When the sale of some commodity, such as illegal drugs, is the substantive crime, the sale agreement itself cannot be the conspiracy, for its has no separate criminal object. What is required for conspiracy in such a case is an agreement to commit some other crime beyond the crime constituted by the agreement itself. Id. at 349.

In other words, we held that a sale agreement cannot constitute a conspiracy when the sale itself is the conspiracy's substantive crime.

Garcia argues that Betancourt was the "seller," McAfee was the "buyer," and that Garcia was only the broker between the two. Garcia maintains that because he only bought drugs from Betancourt to sell to McAfee, his collaboration with McAfee cannot constitute a conspiracy. Garcia simply misreads Lechuga. On the facts of this case, Lechuga stands only for the proposition that Garcia's attempted purchase from Betancourt in and of itself cannot constitute a conspiracy between Betancourt and Garcia. Cf. United States v. Baskin-Bey, 45 F.3d 200 (7th Cir.) (holding that Lechuga is inapplicable when the alleged coconspirators are on the same side of the transaction), cert. denied, 115 S.Ct. 1809 (1995). Garcia's agreement with McAfee to purchase drugs from Betancourt for distribution by McAfee does constitute a conspiracy under Lechuga. Id.

Count One, in relevant part, charged Garcia and McAfee with conspiracy to possess with the intent to distribute cocaine. The facts of this case make clear that Garcia collaborated and cooperated with McAfee to purchase cocaine from Betancourt. There is also ample evidence that the duo attempted to acquire the drugs with the intent that McAfee would resell them. For example, Garcia's conduct throughout his negotiations with Betancourt suggests that he was McAfee's agent, not an independent buyer. Garcia represented himself to Betancourt and government investigators as an agent for other buyers. Garcia regularly consulted with McAfee, and followed McAfee's advice to abandon the purchase at the motel. Garcia accompanied McAfee when McAfee told Betancourt that they would only purchase four kilograms first, so that McAfee's "associates" could inspect the drugs. Garcia helped McAfee to coordinate the delivery of over $90,000 in cash to purchase the cocaine. McAfee even concedes in his appellate brief that "[d]uring the course of the negotiations at the informant's house . . . the parties discussed amounts that would be purchased by Garcia and McAfee on behalf of the undisclosed buyers." This case satisfies the very definition of conspiracy that we outlined in Lechuga: "an agreement to commit some other crime beyond the crime constituted by the agreement itself." Id. at 349.

The record demonstrates that Garcia, in conjunction with and on behalf of McAfee, repeatedly attempted to purchase cocaine from Betancourt. There is substantial evidence from which a rational trier of fact could conclude that Garcia and McAfee agreed to purchase cocaine for McAfee to distribute to subsequent purchasers. Garcia's sufficiency claim necessarily fails as to Count One.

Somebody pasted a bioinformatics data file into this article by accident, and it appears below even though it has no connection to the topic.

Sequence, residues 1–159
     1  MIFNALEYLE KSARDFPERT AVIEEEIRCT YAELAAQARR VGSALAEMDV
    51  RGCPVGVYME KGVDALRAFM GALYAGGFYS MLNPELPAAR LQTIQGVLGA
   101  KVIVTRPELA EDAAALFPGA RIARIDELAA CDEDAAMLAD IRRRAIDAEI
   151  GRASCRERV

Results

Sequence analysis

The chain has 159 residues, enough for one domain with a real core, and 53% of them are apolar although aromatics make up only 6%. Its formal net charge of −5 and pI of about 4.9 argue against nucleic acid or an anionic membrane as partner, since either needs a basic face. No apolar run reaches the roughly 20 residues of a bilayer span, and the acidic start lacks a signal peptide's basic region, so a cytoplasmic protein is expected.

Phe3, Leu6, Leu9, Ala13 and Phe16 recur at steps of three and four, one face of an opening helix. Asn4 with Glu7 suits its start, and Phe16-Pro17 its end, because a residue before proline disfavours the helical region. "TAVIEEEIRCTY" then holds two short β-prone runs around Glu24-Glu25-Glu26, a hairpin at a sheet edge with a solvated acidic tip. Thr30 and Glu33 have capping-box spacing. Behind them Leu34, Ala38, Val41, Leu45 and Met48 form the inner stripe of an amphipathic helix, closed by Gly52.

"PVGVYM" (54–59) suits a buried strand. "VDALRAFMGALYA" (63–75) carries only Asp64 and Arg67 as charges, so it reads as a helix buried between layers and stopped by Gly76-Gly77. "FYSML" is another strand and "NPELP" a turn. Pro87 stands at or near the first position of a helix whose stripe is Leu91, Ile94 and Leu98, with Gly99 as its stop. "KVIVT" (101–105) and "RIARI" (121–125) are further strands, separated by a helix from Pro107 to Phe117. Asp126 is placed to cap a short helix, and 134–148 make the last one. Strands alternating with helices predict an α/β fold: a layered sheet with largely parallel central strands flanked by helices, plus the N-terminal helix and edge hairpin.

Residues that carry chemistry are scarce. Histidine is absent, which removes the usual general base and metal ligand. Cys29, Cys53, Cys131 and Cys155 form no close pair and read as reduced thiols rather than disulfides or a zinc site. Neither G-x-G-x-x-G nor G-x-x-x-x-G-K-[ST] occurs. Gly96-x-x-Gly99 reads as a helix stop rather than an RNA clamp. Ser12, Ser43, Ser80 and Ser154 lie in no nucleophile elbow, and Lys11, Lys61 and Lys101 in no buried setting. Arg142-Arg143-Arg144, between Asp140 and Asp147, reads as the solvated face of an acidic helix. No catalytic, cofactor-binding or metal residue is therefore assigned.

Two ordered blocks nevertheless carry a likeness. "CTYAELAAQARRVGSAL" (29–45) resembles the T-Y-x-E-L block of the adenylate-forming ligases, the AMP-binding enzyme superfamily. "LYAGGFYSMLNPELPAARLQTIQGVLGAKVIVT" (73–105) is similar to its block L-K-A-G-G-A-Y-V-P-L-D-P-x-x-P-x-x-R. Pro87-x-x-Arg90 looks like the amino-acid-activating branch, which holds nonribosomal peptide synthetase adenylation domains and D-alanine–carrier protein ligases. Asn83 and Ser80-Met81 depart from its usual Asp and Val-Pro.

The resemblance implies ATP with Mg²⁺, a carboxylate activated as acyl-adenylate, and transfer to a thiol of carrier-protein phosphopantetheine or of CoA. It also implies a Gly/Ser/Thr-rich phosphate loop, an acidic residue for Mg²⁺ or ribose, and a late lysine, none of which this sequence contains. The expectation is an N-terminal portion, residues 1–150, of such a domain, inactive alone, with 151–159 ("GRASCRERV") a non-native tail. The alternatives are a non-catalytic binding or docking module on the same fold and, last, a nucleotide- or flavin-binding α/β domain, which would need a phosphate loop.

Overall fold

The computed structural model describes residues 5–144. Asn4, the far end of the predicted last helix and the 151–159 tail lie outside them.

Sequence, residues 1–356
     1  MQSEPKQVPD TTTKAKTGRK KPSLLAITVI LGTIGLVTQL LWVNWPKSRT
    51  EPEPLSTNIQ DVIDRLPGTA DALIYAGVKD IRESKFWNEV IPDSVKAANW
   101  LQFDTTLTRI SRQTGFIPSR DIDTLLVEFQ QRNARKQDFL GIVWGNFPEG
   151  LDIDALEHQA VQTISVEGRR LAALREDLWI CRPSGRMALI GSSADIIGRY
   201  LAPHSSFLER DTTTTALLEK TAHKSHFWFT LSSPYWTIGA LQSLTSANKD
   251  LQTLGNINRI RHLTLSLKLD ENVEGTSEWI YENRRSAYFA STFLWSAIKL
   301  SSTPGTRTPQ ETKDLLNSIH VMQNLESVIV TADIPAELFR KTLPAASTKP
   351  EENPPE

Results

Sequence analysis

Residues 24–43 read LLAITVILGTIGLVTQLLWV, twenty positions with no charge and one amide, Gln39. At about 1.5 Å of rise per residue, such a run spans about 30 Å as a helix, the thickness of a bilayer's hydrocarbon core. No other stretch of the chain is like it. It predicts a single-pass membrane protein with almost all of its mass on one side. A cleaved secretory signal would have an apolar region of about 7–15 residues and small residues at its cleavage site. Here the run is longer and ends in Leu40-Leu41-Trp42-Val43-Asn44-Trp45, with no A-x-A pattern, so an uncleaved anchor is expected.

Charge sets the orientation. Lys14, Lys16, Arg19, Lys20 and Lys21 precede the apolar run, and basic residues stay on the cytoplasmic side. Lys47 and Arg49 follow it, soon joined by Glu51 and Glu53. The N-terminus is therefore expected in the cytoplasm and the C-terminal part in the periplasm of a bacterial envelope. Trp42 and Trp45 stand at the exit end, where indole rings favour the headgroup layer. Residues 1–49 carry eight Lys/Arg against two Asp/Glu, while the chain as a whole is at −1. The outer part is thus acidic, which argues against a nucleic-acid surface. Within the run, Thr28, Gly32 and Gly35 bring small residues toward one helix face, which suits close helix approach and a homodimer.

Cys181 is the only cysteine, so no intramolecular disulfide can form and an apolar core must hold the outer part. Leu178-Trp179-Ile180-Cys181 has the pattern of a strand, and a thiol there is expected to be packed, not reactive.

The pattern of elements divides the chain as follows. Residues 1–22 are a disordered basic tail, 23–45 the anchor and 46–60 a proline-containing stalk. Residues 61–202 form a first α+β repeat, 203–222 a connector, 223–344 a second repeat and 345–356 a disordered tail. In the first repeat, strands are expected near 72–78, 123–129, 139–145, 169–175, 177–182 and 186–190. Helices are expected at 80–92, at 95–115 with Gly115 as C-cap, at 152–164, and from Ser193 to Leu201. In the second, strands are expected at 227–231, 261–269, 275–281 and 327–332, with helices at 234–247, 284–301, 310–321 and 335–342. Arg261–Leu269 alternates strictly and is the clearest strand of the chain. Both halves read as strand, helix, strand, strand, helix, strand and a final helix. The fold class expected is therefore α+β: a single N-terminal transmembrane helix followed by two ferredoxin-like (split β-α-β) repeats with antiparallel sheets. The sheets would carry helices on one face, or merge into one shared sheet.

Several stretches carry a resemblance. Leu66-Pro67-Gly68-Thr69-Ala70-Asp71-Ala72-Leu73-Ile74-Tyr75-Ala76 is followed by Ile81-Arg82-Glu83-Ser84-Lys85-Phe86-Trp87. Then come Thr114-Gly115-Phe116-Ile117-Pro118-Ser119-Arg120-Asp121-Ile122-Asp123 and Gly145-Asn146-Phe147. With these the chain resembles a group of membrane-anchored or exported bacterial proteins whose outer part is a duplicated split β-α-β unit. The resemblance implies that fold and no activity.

Garcia also argues that the evidence at trial was insufficient to support his conviction on Count Three. In his appellate brief, Garcia objects that "[i]n the instant case, the primary fact upon which the attempt charge is premised is, strictly speaking, an impossibility." The cornerstone of Garcia's objection appears to be that "there was no available cocaine to be sold to anyone." Garcia's point is that Betancourt, in cooperation with the police, never actually had cocaine to sell. Therefore, according to Garcia, "the factual scenario becomes so attenuated . . . that the government's case must be dismissed for lack of evidence."

Garcia's argument is strange indeed. This is a case about attempting to possess drugs, not actual possession of drugs. Garcia cites no authority for the proposition that the government actually had to possess real cocaine to convict him of attempting to possess cocaine. Garcia's omission is not surprising; our research has revealed no such authority. To the contrary, the government regularly secures convictions for attempted possession without actually having proffered to the defendant real cocaine. Cf. United States v. Young, 20 F.3d 758, 760 (7th Cir. 1994) (upholding a conviction for attempted possession of cocaine where the government employed "mock" packages of cocaine during the investigation). The question is whether Garcia believed that he actually was buying cocaine. Considerable evidence suggests that Garcia believed just that. Therefore, Garcia's sufficiency claim fails as to Count Three.

B. The "career offender" determination and due process.

The district court classified Garcia as a career offender for sentencing purposes pursuant to United States Sentencing Guideline sec. 4B1.1. Garcia argues that the classification violated his Fifth Amendment right to due process of law. Reviewing Garcia's legal objection de novo, we conclude that Garcia's argument has no merit.

In June of 1972 a federal court sentenced Garcia to six years' imprisonment for conspiracy to possess with the intent to distribute heroin. He was paroled in September of 1974. In January of 1976, the United States Parole Commission issued an arrest warrant for Garcia, charging him with the sale of heroin while on parole. In October of 1977, a Michigan state court convicted Garcia for selling heroin, and sentenced Garcia to thirteen to twenty years' imprisonment. In March of 1978, in the wake of Garcia's state court conviction, the Parole Commission filed a supplemental warrant. Garcia's parole was revoked on October 1, 1978. On July 13, 1981, Garcia was paroled again, with his parole term to expire on January 11, 1982.

Sentencing Guideline sec. 4B1.1 provides that a convicted criminal is a career offender for sentencing purposes if: 1) the criminal was at least eighteen years of age at the time of the instant offense; 2) the instant offense is a crime of violence or a controlled substance offense; and, 3) the criminal has at least two prior felony convictions of either crimes of violence or controlled substance offenses. Sentencing Guideline sec. 4A1.1 provides that a sentence imposed more than fifteen years prior to the date of the instant offense is not counted for the purposes of sec. 4B1.1 unless the criminal's incarceration extended into the fifteen year period. Pursuant to Sentencing Guideline sec. 4A1.2(e)(1), Garcia's parole date of July 13, 1981 rendered Garcia's 1972 heroin conviction within the scope of sec. 4B1.1.